As for the steep amount to be paid by entrepreneurs, who probably could put those funds toward other uses, Shipley said that “DEMO offers a range of services for that price," including services to launch the product, as well as a well-done production to celebrate them. A price point also acts as a "filter."

Indeed, a price point does help separate the wheat from the chaff in many cases. And, if paying up contributes to a well-produced event, then it's probably worth it. 

Be sure to watch my other interviews with Shipley. They'll be up during the coming weeks. 

Image Description

Bambi Francisco Roizen

Founder and CEO of Vator, a media and research firm for entrepreneurs and investors; Managing Director of Vator Health Fund; Co-Founder of Invent Health; Author and award-winning journalist.

All author posts

Support VatorNews by Donating

Read more from our "Interviews" series

More episodes

Related Companies, Investors, and Entrepreneurs



Joined Vator on

TextDigger is a San Jose, CA-based startup developing advanced semantic solutions for the Web, including hosted semantic search, automated content tagging and topic generation, and optimized keyword generation. These products make Web pages more findable, both to outside search engines such as Google and to other pages within the same site via cross-linking and related search. The result is increased revenue from higher inbound traffic and longer sessions. TextDigger was founded by a group of former CNET employees and executives who developed patented linguistic technologies that, today, are used to enhance the content on thousands of pages within CNET's award winning websites.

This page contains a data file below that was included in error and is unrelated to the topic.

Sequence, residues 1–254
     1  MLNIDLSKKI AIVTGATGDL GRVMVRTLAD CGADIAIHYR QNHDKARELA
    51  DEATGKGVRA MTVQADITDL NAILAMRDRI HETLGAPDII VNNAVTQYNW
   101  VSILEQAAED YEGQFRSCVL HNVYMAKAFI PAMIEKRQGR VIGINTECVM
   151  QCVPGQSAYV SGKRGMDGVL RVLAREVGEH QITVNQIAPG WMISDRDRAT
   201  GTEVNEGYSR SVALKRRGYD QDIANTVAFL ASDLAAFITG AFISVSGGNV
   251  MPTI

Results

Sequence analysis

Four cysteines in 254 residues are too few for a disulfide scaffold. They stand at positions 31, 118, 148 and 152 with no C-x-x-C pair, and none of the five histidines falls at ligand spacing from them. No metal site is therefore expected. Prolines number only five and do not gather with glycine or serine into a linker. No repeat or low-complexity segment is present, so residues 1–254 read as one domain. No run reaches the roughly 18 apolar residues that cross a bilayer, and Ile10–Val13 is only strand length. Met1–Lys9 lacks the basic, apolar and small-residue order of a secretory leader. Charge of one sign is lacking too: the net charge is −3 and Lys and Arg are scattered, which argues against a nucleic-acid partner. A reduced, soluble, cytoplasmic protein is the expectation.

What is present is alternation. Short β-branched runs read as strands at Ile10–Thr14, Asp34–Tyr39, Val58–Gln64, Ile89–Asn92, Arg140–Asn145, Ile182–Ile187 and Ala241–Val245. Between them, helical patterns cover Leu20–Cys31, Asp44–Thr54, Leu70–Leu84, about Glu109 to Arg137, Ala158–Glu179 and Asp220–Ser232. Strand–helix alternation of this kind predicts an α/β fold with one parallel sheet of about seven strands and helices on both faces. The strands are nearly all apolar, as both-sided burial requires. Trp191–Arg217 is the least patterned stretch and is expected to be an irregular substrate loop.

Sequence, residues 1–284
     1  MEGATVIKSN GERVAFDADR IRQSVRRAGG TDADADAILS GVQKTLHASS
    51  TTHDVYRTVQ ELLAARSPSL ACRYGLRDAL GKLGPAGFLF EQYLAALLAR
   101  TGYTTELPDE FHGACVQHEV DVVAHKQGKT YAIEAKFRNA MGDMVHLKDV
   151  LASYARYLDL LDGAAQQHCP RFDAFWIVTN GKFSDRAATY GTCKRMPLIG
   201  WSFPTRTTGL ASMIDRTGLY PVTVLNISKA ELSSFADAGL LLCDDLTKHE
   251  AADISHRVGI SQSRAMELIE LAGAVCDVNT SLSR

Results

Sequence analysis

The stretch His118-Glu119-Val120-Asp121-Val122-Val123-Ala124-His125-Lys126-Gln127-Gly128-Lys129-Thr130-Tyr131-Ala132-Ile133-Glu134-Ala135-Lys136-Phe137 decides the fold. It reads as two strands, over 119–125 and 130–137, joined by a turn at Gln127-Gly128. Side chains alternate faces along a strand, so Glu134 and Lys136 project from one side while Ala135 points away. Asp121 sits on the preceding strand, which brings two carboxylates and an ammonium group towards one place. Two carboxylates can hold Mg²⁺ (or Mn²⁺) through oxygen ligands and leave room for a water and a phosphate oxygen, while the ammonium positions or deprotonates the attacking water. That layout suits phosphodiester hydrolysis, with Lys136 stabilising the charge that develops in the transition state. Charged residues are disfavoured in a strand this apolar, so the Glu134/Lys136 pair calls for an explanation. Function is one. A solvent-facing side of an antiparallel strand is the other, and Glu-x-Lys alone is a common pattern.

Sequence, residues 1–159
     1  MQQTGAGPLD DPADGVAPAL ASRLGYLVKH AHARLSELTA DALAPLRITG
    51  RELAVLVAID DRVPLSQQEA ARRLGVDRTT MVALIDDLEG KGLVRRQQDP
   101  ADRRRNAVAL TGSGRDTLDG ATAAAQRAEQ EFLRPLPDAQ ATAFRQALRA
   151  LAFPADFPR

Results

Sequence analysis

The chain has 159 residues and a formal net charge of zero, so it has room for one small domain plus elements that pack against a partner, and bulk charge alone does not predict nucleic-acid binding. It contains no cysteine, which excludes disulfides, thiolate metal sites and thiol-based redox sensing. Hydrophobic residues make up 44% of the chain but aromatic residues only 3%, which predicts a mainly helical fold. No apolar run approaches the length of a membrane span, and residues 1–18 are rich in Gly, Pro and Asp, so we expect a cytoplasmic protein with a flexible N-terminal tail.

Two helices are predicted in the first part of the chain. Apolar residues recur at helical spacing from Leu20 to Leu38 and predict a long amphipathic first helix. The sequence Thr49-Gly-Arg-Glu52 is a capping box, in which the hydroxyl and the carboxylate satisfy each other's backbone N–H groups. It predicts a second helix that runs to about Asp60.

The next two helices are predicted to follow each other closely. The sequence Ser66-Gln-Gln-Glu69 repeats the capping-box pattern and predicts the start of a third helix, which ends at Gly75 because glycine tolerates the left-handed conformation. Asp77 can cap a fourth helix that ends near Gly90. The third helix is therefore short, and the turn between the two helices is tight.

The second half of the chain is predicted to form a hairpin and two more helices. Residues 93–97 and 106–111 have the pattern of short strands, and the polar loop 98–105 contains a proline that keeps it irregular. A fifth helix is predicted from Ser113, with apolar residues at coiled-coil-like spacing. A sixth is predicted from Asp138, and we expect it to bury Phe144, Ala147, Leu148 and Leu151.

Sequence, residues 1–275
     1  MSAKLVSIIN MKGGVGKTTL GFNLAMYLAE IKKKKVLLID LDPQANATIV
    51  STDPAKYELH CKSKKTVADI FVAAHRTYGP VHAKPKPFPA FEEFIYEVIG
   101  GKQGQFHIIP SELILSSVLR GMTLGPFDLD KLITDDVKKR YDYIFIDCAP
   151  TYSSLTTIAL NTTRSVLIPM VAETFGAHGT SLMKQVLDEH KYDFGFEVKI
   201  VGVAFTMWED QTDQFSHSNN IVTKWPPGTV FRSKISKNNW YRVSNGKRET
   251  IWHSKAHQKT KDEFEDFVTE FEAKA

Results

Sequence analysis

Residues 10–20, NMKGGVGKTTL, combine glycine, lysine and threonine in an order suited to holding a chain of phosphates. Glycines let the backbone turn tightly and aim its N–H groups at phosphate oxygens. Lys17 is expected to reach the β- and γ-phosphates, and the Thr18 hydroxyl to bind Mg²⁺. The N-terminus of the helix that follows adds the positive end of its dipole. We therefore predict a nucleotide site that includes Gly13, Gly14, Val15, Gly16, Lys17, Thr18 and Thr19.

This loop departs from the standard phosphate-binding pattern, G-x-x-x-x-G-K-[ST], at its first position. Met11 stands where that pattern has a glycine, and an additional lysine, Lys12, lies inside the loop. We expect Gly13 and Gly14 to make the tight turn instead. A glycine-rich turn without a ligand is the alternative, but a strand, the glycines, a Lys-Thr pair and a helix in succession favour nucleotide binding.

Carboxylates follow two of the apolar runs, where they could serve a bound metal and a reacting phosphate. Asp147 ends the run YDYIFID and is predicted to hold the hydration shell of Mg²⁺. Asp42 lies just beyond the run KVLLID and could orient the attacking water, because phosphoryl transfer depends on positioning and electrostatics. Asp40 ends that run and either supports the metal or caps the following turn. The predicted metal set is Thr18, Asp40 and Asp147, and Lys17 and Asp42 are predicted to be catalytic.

@WalmartLabs (Kosmix)


Joined Vator on

Kosmix was acquired by Walmart in May of 2011 to create @WalmartLabs.

Through the innovative fusion of retail, social and mobile, @WalmartLabs is redefining Commerce for the largest retailer worldwide. We are a group comprised of the brightest technologists and businesspeople in the industry, excited about the limitless opportunities that this next generation of Commerce will bring to billions of people around the globe, all in an effort to help them save money and live better.

Kosmix was funded by Time Warner Investments, Accel Partners, Lightspeed Venture Partners, Dag Ventures, private investor Ed Zander and Jeff Bezos' personal investment company, Bezos Expeditions.


WalmartLabs is hiring.


Diddit (Ludic Labs)


Joined Vator on

Diddit -- you are what you do -- is a site for people to discover, connect and get credit fortheir life experiences.  Diddit, aproperty of Ludic Labs, combines a comprehensive experience guide with apowerful social platform empowering people with compelling content andadvertisers with highly targeted audiences.  Headquartered in San Mateo, California,Ludic Labs was started by the founding team of search engine company Inktomiand is funded by Accel Partners (,KPG Ventures (, its founders and private individuals. For more, visit



Joined Vator on

Discover what your customers are saying about you on Twitter, social networks, blogs and news sites. Filtrbox monitors conversations on millions of sites in realtime and alerts you to things that are directly relevant to your business. Participate in the conversation, build closer relationships with your customers,  and watch your brand and business grow. 


Filtrbox delivers daily emails with new articles, and provides a rich web application to monitor, analyze, and collaborate on Filtrs (searches). Unlike google alerts, Filtrbox removes duplicates, maintains history of what you have seen, and allows feedback to fine-tune your results. Articles are scored based on relevance for noise control also.  

You can try Filtrbox for free @ 


chris Shipley

Joined Vator on